Australian Dollar Outlook - 13 August 2013
By Christine Gaylican | August 13, 2013 10:51 AM EST
Bell FX Currency Outlook: The Australian Dollar is being weighed down by strength in the greenback amid renewed expectations that the US Federal Reserve will begin tapering its economic stimulus program soon.
Australia: The US Congressional Budget Office is forecasting that the annual deficit will be US$670 billion when the budget year ends in September, compared with last year's deficit of US$1.09 trillion.
It would be the first time in five years that the gap between spending and revenue has been below $1 trillion. The USD ended the North American trading session higher against all major currencies due to renewed expectations of Fed tapering and this was the primary catalysts for the move lower.
The drop from 0.9220 to 0.9150 offers some suggestion about rallies been short lived, and as we can now see, the 4% rally of the past week has been enough to entice some large traders selling. As far as interest rates are concerned in Australia, on one hand low rates seem to be showing up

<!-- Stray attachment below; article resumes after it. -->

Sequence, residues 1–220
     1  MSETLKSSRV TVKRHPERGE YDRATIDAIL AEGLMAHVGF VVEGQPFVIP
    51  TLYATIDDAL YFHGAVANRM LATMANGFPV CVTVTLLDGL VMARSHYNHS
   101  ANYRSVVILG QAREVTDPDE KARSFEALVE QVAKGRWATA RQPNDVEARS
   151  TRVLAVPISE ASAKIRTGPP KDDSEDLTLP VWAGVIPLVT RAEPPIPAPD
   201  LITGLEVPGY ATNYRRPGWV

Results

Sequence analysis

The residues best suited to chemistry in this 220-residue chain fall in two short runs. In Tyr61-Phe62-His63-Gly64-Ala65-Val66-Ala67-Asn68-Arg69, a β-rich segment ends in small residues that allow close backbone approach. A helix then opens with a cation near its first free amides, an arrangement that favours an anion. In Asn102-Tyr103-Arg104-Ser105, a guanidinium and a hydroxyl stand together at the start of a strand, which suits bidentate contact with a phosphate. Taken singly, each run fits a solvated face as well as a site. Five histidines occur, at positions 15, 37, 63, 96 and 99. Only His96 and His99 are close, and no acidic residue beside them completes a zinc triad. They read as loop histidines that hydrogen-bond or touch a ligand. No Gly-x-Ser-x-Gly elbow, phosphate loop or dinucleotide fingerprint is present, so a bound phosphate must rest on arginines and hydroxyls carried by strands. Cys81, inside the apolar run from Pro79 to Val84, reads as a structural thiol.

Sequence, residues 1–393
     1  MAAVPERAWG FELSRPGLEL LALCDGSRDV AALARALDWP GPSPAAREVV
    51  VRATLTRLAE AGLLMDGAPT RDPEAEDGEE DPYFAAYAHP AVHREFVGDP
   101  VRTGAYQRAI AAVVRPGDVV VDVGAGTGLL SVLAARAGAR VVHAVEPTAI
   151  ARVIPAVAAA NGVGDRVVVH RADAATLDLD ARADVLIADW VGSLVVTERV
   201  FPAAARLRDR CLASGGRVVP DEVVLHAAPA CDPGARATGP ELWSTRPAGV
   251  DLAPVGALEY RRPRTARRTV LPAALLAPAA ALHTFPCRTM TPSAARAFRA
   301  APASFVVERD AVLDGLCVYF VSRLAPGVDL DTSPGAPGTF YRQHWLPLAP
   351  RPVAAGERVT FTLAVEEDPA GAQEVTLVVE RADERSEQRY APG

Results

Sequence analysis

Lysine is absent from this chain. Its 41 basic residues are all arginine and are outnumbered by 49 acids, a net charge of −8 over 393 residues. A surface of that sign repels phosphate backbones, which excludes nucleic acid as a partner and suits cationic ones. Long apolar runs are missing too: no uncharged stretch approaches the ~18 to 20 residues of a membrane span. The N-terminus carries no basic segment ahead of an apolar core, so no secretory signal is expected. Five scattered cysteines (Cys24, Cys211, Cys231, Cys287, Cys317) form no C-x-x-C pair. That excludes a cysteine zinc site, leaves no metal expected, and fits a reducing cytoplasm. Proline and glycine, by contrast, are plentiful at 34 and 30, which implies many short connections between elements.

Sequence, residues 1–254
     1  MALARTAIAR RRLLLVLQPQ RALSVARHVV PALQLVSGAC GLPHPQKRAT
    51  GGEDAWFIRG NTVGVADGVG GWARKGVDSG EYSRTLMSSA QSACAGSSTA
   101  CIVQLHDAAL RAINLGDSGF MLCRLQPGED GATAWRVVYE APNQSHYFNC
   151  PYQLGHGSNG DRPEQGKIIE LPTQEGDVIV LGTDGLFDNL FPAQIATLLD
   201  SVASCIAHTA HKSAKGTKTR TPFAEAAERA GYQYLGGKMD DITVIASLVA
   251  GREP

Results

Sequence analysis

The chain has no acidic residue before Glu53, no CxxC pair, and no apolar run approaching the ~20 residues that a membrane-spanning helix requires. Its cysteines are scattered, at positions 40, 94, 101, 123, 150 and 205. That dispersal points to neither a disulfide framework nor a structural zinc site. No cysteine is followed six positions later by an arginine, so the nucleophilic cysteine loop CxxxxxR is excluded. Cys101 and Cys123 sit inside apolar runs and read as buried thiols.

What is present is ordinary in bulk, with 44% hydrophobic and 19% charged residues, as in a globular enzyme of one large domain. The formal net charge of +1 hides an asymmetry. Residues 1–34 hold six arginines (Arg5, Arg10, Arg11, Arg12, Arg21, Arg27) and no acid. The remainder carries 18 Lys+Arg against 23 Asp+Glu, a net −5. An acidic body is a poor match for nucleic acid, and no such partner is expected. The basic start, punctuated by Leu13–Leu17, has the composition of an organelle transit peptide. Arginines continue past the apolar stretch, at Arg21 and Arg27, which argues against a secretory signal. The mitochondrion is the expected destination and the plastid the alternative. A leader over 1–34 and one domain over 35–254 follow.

more in higher prices than new buildings (the latter being the goal of the RBA).
On the other hand, we have a 3-year wage freeze agreed at GM Holden aimed at saving car industry jobs, which according to the AFR, could trigger pay pauses elsewhere. So the risk of inflating asset market bubbles is a factor that may constrain the RBA's willingness to slash rates further, making one's assessment of the AUD harder again.
Majors: It was another quiet trading session overnight, with little in the way of news or dataflow. US and European equities were broadly unchanged whilst US Treasuries were sold off and the yield curve steepened on light volumes ahead of tonight's US retail sales report. Core European government bond yields also drifted modestly higher. We are getting data dependent again as far as the USD is concerned.
The July US retail sales report will be important in indicating whether the Fed would begin tapering its bond-buying program sooner rather than later.
Consumer spending is the backbone of the US economy but this month the amount that retail sales increases plays a particularly important role in
the Fed's monetary policy plans. With only five weeks to go before the September Federal Open Market Committee (FOMC) meeting, every piece of data counts.
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